There have now been more than 472,000 cases and nearly 13,800 virus-related fatalities in the state.

The state's seven-day average positivity was about 5.2% as of Saturday, the department said.



On average, only 10% of coronavirus cases in Vermont recently are associated with outbreaks, said Health Commissioner Dr. Mark Levine.

More than half the people with COVID-19 had contact with someone who was infected, and only one in four had an unknown source of exposure, Levine said at Gov. Phil Scott's virus briefing Friday.

“This tells us that so far people are more likely to get COVID-19 through close contact to another person who had the virus and less likely for their infection to be associated with an outbreak,” he said.

While the state’s positivity rate is 2.5%, transmission is clearly happening across communities and often within households, Levine said.

“Which is why we continue to advise everyone to keep their guard up because you never know when you might be placing yourself in a risking situation, especially knowing the high rate of asymptomatic spread of this virus.”

Vermont reported 148 new confirmed cases of the coronavirus on Saturday, and one more virus-related death. The state has now had more than 10,900 cases and 170 deaths, according to the state Department of Health.



The University of Vermont has paused all on-campus athletic activity, including games, team practices, and individual workouts because of what it calls “an increase in positive COVID-19 test results in the athletics program.”

The pause will last until Feb. 4.

The move was made “to ensure the health and safety of all student-athletes, coaches and staff,” the school said.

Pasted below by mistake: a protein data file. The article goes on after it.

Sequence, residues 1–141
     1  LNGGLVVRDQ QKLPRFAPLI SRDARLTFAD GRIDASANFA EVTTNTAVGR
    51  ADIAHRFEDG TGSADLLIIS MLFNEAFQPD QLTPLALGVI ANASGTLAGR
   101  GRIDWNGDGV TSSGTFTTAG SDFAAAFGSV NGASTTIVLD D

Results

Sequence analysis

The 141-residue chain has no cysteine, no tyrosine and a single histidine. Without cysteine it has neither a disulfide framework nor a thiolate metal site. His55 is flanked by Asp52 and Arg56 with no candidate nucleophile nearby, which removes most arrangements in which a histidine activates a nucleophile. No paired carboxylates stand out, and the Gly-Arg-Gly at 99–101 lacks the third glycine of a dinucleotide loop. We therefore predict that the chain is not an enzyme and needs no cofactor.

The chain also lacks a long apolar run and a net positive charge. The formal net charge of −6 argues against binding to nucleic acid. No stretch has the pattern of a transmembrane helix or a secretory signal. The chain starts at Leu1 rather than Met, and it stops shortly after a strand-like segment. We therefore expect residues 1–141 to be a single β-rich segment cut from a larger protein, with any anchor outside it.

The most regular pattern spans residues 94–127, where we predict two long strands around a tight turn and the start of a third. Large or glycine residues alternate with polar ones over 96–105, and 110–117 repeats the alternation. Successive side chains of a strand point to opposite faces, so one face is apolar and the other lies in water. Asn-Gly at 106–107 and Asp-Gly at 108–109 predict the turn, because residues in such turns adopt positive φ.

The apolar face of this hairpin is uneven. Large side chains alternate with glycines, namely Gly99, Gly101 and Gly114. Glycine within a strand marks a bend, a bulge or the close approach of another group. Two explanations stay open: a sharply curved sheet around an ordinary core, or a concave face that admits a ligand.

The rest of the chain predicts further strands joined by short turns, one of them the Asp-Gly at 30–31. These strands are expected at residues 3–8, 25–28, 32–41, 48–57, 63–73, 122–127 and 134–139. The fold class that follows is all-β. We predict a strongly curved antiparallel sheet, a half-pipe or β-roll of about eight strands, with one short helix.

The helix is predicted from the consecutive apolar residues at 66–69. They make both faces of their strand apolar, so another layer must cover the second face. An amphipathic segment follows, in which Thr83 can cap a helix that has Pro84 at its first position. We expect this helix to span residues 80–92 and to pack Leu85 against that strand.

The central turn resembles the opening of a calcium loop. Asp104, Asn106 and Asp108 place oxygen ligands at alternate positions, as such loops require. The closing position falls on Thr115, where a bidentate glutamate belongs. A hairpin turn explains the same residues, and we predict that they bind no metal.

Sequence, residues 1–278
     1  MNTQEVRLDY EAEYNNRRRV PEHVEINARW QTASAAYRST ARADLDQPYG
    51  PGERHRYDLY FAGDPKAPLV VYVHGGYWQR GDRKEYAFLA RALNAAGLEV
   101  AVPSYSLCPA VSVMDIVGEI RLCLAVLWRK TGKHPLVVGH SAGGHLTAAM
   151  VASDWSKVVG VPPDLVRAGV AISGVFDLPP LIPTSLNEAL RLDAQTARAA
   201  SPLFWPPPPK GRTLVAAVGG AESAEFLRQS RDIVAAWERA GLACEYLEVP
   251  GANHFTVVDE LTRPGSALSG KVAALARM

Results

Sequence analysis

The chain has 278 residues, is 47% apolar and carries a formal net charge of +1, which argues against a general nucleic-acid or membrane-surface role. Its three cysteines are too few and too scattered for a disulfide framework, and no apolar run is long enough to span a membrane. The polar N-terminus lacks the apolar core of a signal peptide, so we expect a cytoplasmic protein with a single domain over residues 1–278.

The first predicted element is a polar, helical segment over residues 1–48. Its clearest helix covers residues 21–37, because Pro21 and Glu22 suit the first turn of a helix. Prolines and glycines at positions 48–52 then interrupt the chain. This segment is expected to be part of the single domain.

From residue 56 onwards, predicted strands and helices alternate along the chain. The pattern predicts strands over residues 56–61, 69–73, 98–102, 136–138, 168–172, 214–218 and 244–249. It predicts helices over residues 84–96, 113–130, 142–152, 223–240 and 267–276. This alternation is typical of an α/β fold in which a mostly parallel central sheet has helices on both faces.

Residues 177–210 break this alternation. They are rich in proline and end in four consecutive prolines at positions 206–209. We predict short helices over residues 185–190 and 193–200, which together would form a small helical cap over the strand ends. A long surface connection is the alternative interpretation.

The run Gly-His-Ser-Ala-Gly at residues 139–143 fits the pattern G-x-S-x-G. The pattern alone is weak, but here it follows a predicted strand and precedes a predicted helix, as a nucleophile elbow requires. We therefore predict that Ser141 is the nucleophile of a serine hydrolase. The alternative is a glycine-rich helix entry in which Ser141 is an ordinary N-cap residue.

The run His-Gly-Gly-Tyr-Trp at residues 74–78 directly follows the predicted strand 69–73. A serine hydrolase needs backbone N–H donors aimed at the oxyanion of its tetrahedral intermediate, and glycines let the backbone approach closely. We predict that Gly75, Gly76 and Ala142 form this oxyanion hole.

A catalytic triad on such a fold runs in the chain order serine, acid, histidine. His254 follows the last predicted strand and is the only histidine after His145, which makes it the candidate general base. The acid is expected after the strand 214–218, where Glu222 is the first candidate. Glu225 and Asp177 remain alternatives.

Rhode Island officials are looking at possible changes to the state coronavirus vaccine rollout program to prioritize age before occupation.

According to the proposal presented Friday to the state’s vaccine committee, during Phase 2 people ages 65 to 74 would be vaccinated first, with accelerated distribution to people based on their vulnerability. Factors would include geographical location and prior health history.

Members of the committee questioned how the change would affect teachers and people in other public-facing jobs.

Rhode Island Department of Human Services Director Courtney Hawkins explained the proposed plan will still address people in those careers who have underlying conditions.

A finalized plan for phase two is expected in the coming weeks.



A Connecticut inmate has become the fifth state prisoner this month to die of COVID-19 complications, according to the Department of Correction.

The inmate, who was not identified because of medical privacy laws, died Friday at a hospital where he was transferred about three weeks ago, the department said.

The 57-year-old man was serving a 40-year sentence for arson and murder relating to crimes in the 1990s. Prison officials said he had underlying conditions that led to his death.

The man was the 18th state prison inmate to die from COVID-19.



There have been an additional 328 cases of the coronavirus in Maine and four more virus-related deaths, the Maine Center for Disease Control and Prevention reported Saturday.

The state’s death toll from the disease is now 544 and the total number of confirmed and probably cases climbed to almost 36,600.

Of the new deaths, two were Cumberland County residents while one each lived in Androscoggin and Penobscot counties.